Greater liquidity and capital constraints have forced many banks to scale back or close down their trade finance operations, creating opportunities for non-bank lenders, says Luigi La Ferla

Trade finance, one of the world’s oldest and largest financial activities, today helps to support and facilitate an estimated $18trn (€16trn) of global merchandise exports annually.

And with bank trade finance providers undergoing significant change as a result of new regulation, opportunities for investment are emerging. Currently only a few investment managers have the ability to harness these opportunities while understanding the risks involved to provide institutional investors with desirable returns.

Trade finance is the financing of any cross-border exchange of goods or services – that is, importing and exporting. Traditionally, both importers and exporters rely on available financing to sustain their operations. The World Trade Organization (WTO) estimates that 80% of global trade is either financed or risk insured.

Large global banks with balance sheet capacity are the main suppliers of trade fiance, as they have the necessary multi-regional presence and operational infrastructure to provide financing and risk coverage efficiently to their clients. Letters of credit, guarantees, short-term loans, bills of exchange and other instruments are used by banks to support about $7trn of cross-border trade per year. Most bank-intermediated trade finance is provided via short-term instruments with maturities of less than a year.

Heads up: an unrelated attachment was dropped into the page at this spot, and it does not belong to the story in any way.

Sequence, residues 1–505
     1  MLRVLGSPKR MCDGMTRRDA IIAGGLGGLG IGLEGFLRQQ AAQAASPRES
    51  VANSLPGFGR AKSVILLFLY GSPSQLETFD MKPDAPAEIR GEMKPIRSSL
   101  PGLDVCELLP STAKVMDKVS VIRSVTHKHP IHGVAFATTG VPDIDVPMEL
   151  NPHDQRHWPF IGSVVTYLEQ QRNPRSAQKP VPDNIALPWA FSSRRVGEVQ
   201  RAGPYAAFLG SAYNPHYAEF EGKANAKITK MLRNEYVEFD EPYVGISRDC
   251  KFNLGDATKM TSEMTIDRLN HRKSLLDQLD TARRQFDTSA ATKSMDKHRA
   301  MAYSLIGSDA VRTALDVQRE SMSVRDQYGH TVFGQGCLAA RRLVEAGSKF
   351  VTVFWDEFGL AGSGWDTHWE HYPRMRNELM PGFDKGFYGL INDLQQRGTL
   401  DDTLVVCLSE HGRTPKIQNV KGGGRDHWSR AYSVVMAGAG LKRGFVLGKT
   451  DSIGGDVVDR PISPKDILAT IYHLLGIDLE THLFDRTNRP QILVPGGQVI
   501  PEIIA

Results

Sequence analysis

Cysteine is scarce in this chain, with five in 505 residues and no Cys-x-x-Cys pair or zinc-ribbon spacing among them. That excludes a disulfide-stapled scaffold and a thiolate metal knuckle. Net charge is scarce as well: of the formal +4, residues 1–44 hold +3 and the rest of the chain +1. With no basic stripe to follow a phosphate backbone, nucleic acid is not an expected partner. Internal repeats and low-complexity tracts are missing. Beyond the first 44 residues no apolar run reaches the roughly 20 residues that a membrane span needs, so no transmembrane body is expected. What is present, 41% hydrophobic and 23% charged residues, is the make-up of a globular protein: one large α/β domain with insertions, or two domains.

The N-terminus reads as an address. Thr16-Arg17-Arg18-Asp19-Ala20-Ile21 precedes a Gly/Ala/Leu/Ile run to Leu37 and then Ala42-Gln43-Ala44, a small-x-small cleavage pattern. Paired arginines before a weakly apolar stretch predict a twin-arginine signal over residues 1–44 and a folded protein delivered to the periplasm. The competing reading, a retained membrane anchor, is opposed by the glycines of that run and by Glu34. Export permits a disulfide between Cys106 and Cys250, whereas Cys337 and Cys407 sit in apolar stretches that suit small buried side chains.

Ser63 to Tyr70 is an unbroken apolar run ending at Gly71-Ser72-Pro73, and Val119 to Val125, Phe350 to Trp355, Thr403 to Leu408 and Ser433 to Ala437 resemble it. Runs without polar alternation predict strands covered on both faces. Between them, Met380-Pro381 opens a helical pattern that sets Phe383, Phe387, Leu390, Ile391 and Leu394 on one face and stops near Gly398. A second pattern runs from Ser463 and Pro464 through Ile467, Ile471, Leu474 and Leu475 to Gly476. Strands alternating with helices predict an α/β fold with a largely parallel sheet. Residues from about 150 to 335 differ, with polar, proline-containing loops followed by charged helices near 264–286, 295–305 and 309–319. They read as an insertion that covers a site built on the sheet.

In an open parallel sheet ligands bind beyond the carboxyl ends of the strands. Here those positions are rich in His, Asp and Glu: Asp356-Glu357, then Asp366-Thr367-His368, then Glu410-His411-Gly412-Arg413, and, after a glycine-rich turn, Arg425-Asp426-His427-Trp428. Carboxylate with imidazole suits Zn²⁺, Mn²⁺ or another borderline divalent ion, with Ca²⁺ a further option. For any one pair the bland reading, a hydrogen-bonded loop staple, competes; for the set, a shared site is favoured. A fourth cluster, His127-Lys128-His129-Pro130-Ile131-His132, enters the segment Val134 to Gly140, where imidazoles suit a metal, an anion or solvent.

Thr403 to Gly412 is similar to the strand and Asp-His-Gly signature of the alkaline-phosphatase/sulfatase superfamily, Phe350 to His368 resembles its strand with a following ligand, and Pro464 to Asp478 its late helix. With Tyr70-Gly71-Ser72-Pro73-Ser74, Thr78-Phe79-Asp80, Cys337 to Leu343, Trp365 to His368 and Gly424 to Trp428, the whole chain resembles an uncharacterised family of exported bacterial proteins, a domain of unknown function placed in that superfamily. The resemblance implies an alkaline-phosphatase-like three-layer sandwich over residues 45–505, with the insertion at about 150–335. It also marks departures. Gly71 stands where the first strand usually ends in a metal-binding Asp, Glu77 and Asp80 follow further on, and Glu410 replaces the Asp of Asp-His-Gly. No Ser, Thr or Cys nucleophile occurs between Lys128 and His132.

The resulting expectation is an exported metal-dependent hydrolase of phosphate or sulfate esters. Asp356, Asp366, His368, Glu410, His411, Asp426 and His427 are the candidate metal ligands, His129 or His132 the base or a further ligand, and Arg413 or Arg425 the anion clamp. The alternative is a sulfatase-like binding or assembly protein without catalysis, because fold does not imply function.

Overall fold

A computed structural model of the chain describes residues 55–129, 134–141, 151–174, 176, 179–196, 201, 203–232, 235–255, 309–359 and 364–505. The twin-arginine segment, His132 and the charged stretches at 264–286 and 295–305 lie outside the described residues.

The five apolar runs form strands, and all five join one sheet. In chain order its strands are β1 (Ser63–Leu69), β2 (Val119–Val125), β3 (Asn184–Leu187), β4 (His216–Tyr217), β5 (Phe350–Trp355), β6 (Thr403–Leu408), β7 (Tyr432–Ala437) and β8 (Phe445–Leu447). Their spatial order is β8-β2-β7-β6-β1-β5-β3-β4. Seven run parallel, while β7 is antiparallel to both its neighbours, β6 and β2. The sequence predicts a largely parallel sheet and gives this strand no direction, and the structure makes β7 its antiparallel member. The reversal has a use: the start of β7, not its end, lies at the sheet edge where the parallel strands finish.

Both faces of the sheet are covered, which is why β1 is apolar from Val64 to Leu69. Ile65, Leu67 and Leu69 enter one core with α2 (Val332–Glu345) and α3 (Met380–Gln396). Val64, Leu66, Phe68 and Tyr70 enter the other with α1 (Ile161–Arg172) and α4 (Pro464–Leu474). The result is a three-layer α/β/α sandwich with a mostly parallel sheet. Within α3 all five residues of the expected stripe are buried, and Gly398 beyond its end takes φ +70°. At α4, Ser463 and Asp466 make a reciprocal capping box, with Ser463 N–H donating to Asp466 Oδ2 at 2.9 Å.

Academic sources, as well as the WTO, provide evidence for the key role played by trade finance in international trade and global economic growth, suggesting that the reduced availability of bank trade finance in 2009 was a main cause of the decrease in global exports (see figure).

Since 2008, regulators have subjected banks to increased liquidity and capital constraints. The change in regulatory framework means they require banks to hold substantially higher resources, which reduces the volume of capital the banks can deploy to support their trade finance operations.

This discrepancy in capital requirement has eroded the profitability of bank trade finance operations, causing some banks to reduce the scope of their operations or even withdraw from the sector completely.

The 2007-09 financial crises and their aftermath precipitated further deleveraging of bank-intermediated trade finance and incipient Basel III regulatory capital regulations are continuing this trend.

Volume of world merchandise exports, 1990-2013

Deleveraging of bank-intermediated trade finance has led to a slowdown in the rate of growth of global trade and has provided private markets with opportunities to play a greater role in the provision of trade finance.

As a result of the reduction in bank-intermediated trade finance, direct – that is, not intermediated by a bank – provision of trade finance to corporates has increased and is mainly supplied via dedicated investment vehicles or, more recently, via peer-to-peer platforms.

Trade finance providers have historically experienced fewer defaults than expected. Furthermore, the loss-given-default of trade finance has been, on average, lower than that of corporate lending.

“The change in regulatory framework means that regulators require banks to hold substantially higher resources, which reduces the volume of capital the banks can deploy to support their trade finance operations”